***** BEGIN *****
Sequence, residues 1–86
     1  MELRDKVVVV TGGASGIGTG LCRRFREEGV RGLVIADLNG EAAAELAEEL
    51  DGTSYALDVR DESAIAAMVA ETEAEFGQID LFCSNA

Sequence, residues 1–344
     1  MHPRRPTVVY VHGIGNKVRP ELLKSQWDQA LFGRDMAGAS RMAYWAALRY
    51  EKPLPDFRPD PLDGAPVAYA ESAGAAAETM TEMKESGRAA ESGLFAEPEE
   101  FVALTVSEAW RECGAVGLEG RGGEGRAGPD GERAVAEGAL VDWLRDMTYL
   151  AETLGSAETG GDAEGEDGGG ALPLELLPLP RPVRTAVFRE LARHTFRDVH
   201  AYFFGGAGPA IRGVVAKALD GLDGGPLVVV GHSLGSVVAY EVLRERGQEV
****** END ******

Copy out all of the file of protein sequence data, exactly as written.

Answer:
Sequence, residues 1–86
     1  MELRDKVVVV TGGASGIGTG LCRRFREEGV RGLVIADLNG EAAAELAEEL
    51  DGTSYALDVR DESAIAAMVA ETEAEFGQID LFCSNA

Sequence, residues 1–344
     1  MHPRRPTVVY VHGIGNKVRP ELLKSQWDQA LFGRDMAGAS RMAYWAALRY
    51  EKPLPDFRPD PLDGAPVAYA ESAGAAAETM TEMKESGRAA ESGLFAEPEE
   101  FVALTVSEAW RECGAVGLEG RGGEGRAGPD GERAVAEGAL VDWLRDMTYL
   151  AETLGSAETG GDAEGEDGGG ALPLELLPLP RPVRTAVFRE LARHTFRDVH
   201  AYFFGGAGPA IRGVVAKALD GLDGGPLVVV GHSLGSVVAY EVLRERGQEV